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Archaeo News 

29 December 2009
Seventh grave discovered at Skye Bronze Age dig site

A seventh grave has been discovered at a prehistoric burial ground being excavated on Skye (Inner Hebrides, Scotland). The discovery was made by a team of archeologists working close to Armadale pier on the Sleat peninsula.
     Six slab-lined graves and numerous cremation pits were previously unearthed on the house-building plot in October. Excavations began on a second area of the site this month after the removal of overhead power lines. The latest discovery is believed to be older than pevious graves and could date from the early Bronze Age, more than 4,000 years ago.
     The grave contained well-preserved flint arrow heads and knives, which were most likely buried with a person of high status in the community. Archaeologist Mary Peteranna said: "One of the exciting things about this burial was that it turned up below a layer of gravel which appeared to have been naturally shifted at some point in prehistory. It suggested to us that this grave could be earlier than other burials on the site. Even more amazing, the cist contained a single burial with five flint artefacts in perfect condition. Three flint arrowheads and two flint knives were placed with the body at the time of burial. Flint tools of such high quality are a rare occurrence on Skye and these suggest that this was a person of very high status."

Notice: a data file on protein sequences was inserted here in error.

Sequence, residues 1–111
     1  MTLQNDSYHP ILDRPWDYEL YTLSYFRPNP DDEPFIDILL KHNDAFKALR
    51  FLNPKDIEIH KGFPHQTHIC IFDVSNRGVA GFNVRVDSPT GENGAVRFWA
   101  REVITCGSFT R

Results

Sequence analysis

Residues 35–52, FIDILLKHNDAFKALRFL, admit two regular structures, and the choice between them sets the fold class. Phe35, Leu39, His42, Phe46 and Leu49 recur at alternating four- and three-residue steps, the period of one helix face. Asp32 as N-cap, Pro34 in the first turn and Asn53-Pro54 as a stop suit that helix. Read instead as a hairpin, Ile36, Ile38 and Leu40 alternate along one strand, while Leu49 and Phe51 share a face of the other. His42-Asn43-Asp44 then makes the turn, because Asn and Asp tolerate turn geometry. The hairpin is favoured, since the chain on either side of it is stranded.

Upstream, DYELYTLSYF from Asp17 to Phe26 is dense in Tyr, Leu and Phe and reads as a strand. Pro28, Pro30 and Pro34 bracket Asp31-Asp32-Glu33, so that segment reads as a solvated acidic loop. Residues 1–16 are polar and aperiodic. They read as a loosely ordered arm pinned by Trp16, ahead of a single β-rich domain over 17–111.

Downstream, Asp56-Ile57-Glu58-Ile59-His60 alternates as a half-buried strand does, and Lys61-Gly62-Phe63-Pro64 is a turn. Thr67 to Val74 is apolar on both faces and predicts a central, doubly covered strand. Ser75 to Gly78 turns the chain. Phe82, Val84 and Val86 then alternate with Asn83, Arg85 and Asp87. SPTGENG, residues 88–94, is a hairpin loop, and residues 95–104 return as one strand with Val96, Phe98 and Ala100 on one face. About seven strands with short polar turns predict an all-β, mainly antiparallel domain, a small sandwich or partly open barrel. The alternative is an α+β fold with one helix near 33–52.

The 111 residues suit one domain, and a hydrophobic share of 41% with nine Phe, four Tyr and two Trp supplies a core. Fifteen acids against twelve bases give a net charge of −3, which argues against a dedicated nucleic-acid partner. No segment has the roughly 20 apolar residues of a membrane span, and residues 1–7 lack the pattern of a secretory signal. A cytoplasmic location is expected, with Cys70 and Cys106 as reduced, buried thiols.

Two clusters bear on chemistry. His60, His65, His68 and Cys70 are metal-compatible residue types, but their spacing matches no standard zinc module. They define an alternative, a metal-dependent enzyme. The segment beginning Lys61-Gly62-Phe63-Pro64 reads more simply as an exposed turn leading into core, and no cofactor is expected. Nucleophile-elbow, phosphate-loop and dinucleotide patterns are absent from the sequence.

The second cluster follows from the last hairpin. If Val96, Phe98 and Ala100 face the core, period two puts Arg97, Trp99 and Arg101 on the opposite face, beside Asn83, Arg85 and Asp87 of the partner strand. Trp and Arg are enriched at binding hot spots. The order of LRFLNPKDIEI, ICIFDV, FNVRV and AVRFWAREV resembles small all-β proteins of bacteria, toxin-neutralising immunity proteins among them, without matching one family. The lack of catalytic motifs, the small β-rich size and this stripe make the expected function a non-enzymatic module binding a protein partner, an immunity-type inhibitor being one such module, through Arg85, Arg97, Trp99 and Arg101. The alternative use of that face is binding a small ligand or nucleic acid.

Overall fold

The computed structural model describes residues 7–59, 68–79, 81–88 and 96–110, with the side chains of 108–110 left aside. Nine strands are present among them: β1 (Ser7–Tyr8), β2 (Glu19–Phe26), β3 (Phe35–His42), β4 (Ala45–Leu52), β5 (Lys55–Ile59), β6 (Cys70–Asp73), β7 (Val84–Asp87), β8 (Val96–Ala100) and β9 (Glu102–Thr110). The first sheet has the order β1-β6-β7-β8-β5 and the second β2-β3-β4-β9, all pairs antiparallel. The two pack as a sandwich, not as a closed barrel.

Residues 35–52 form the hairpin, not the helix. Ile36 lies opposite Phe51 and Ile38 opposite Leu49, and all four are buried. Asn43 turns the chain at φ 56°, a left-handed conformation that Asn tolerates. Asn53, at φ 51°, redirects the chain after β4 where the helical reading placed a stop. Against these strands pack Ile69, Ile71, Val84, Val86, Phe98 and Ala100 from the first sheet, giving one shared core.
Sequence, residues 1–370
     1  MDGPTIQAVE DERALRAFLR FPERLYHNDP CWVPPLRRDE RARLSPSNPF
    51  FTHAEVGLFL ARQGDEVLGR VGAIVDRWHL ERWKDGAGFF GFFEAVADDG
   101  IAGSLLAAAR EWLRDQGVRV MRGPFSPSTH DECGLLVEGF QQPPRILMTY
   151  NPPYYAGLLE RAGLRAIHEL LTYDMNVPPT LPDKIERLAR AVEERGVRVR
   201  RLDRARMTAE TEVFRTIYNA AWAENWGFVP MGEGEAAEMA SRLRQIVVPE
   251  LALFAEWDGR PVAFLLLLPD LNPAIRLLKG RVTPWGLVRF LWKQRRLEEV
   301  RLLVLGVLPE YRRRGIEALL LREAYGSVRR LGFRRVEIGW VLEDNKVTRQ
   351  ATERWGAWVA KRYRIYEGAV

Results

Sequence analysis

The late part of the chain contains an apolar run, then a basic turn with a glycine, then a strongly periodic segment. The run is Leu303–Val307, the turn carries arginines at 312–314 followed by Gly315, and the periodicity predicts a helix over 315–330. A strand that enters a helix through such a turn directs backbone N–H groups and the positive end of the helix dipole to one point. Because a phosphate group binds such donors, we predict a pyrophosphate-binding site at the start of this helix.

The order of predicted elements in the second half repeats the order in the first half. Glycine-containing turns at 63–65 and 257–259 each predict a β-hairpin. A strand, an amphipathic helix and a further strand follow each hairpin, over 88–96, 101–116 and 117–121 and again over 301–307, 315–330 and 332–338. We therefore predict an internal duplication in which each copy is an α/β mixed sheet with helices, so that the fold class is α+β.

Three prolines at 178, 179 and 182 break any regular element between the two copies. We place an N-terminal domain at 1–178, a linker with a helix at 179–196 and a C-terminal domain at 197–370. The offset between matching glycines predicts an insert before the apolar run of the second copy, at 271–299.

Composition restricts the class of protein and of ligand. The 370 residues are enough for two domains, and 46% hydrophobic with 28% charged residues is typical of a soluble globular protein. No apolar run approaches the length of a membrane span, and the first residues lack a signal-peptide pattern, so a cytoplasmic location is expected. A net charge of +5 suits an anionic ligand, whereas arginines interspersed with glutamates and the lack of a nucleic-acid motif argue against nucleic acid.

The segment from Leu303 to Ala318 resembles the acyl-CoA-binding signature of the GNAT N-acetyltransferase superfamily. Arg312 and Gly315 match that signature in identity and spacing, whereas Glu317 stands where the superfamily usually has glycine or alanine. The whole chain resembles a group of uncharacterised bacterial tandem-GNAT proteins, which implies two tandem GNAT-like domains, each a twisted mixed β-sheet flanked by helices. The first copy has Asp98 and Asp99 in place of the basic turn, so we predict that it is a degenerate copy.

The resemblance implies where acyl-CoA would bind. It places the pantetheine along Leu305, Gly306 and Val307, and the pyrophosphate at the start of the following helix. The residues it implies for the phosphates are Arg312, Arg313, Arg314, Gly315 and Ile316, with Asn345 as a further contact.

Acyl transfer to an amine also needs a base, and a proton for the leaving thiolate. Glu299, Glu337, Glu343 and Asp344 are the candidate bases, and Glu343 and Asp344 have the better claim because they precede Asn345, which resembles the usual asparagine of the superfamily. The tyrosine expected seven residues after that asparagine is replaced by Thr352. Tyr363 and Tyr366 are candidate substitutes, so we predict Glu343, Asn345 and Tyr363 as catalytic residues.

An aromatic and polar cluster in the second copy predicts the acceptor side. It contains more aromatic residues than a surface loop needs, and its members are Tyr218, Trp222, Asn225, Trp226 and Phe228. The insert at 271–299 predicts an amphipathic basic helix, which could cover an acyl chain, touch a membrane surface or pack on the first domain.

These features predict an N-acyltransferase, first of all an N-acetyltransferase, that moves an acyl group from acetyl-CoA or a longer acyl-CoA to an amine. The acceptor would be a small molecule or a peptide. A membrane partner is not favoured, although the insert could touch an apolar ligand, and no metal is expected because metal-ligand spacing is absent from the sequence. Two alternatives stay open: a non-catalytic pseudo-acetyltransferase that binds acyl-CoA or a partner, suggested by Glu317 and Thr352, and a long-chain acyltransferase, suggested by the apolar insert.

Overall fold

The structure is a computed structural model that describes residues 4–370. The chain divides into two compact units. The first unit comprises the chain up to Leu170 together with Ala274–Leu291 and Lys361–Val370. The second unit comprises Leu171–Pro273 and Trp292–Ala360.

Much of the burial site is on a raised shingle beach overlooking the Sound of Sleat, meaning it would have been observed by sea travellers. The Bronze Age and possibly Neolithic discoveries made in October are being stored at museums in Armadale and Inverness. The discoveries have not disrupted building work on the site, where UBC Group is erecting homes on behalf of Lochalsh and Skye Housing Association.

Source: The Press And Journal (25 December 2009)

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